The BBC has asked Ncuti Gatwa to make the world a little more sonic with them, tapping Gatwa to be the first Black lead in the "Doctor Who" franchise.
Gatwa, 29, will take over the role from Jodie Whitaker to become the 14th Doctor, the BBC announced Sunday. In a statement published on the show's website, Gatwa said he was "deeply honoured, beyond excited and of course a little bit scared."
"This role and show means so much to so many around the world, including myself, and each one of my incredibly talented predecessors has handled that unique responsibility and privilege with the utmost care," he said.
He joins the ranks of actors such as Tom Baker, David Tennant and Matt Smith who all traveled space and time in a time machine called the Tardis.
"Doctor Who" first aired on the BBC in 1963 and went on for about 26 years. It was reincarnated in 2005, with Christopher Eccleston as the leading man.
The show's longevity is in part due to its seamless ability to recast its main character, a Time Lord who is able to regenerate after extreme trauma. Regeneration means the Doctor is able to take on a new face, body and personality with a recasting.
Whitaker took over the role in 2017 from Peter Capaldi, becoming the first woman to play the iconic role in "Doctor Who" history. Gatwa is the first nonwhite person to play the Doctor full-time.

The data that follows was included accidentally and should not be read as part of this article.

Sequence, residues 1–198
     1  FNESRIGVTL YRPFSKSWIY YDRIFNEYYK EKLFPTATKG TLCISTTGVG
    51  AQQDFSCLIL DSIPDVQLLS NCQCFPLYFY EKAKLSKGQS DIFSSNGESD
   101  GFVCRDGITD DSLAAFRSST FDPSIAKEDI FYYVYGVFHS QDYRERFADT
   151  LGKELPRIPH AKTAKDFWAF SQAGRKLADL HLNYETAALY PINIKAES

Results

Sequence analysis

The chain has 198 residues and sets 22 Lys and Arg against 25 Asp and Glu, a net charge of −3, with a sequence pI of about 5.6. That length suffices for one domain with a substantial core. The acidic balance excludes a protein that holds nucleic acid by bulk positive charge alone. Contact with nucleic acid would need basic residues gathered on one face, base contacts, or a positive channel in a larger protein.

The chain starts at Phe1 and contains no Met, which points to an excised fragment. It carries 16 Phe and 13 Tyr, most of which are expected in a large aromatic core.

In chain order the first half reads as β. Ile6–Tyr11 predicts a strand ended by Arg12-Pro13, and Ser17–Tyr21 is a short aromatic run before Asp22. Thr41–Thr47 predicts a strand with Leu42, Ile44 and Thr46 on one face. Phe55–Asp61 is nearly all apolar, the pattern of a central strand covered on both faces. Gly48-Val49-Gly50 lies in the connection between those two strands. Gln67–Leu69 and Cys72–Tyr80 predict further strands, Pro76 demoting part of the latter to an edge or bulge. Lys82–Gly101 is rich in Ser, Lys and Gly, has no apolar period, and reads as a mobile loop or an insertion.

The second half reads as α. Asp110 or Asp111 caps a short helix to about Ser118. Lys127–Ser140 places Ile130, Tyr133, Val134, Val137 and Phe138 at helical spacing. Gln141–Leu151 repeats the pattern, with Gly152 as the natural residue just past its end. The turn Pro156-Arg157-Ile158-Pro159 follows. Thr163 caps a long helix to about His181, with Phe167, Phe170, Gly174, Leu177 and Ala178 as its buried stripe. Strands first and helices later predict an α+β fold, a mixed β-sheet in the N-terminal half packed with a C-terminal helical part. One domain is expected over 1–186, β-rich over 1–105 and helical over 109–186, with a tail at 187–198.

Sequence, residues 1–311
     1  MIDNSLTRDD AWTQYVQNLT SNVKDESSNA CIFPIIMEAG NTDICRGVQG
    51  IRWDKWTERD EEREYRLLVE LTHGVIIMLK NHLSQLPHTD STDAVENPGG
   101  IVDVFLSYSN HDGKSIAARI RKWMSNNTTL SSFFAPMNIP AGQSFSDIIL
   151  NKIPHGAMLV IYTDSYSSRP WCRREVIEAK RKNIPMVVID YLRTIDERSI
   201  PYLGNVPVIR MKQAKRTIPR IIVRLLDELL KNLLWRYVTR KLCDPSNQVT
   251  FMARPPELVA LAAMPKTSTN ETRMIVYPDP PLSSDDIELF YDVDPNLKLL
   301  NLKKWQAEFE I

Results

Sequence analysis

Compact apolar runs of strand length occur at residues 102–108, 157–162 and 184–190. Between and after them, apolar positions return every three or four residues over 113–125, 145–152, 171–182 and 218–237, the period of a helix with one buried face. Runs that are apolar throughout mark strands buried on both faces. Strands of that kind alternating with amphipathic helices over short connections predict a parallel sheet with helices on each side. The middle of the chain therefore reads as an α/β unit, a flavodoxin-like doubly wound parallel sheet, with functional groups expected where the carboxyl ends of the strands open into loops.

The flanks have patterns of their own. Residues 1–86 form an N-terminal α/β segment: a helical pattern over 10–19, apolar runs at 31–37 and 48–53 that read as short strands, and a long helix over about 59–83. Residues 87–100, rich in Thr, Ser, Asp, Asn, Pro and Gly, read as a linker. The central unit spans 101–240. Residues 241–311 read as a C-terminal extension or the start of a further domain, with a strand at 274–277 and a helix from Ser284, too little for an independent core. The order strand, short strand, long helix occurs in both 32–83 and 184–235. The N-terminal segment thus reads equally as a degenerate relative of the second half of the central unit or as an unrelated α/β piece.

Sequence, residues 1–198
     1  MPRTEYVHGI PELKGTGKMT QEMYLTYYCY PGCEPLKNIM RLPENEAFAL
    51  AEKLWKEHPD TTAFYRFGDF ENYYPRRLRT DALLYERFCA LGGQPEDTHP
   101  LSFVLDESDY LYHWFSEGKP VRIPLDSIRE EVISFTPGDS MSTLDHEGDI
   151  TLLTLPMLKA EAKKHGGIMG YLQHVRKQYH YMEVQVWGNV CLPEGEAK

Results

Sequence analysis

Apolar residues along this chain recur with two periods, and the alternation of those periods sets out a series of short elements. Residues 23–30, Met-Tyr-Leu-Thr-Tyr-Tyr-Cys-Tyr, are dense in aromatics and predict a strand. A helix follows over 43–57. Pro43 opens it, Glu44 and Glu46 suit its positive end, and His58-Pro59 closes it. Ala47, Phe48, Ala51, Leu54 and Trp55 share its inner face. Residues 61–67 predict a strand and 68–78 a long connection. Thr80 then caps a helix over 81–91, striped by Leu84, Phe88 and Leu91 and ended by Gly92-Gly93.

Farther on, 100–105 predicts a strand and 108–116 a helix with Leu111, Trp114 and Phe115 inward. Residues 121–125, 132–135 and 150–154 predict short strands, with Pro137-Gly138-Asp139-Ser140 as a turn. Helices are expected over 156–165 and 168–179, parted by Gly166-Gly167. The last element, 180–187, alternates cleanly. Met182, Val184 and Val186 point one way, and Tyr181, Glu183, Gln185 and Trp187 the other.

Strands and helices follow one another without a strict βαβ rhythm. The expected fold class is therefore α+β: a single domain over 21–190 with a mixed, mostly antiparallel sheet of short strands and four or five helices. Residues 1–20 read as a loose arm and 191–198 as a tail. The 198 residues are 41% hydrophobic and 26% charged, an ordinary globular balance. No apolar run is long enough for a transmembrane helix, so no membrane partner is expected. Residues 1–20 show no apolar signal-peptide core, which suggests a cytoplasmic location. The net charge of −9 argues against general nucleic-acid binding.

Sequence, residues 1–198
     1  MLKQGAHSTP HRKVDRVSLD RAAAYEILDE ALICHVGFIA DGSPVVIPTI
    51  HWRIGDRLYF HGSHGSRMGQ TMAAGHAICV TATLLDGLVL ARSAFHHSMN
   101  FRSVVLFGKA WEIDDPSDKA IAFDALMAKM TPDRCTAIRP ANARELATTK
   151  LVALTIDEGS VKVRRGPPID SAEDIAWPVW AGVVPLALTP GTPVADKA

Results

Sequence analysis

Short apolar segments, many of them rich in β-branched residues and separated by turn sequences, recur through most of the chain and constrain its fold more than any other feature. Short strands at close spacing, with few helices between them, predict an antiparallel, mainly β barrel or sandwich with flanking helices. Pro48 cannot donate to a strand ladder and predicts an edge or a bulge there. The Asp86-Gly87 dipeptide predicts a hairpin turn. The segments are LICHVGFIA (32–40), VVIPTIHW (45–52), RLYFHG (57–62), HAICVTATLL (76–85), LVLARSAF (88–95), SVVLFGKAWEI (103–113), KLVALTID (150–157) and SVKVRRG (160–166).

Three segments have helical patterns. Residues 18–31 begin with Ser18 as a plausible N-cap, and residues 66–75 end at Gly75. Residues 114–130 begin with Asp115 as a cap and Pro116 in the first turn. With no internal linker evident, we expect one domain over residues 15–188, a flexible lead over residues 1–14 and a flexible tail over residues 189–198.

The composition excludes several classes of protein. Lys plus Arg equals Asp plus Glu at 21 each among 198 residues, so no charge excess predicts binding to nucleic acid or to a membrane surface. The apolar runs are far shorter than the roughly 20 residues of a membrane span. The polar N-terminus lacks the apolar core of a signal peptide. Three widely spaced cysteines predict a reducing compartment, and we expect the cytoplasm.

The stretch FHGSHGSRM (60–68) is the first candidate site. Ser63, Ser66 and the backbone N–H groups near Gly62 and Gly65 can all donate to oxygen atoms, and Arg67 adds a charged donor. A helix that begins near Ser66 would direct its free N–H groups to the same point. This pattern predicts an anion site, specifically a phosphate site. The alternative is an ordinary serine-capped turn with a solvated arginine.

Russell T. Davies, the current showrunner, said he was struck by Gatwa's talent the moment he saw him in auditions.
"Sometimes talent walks through the door and it’s so bright and bold and brilliant, I just stand back in awe and thank my lucky stars," Davies said in a statement. "Ncuti dazzled us, seized hold of the Doctor and owned those TARDIS keys in seconds. It’s an honour to work with him, and a hoot, I can’t wait to get started."
Gatwa is most likely best known for his portrayal of Eric Effiong in Netflix's "Sex Education," playing an openly gay teen whose good humor offset his rather serious best friend, Otis Milburn.
He's earned three nominations from the British Academy of Film and Television Arts for the role and won a Scottish BAFTA award for it in 2020.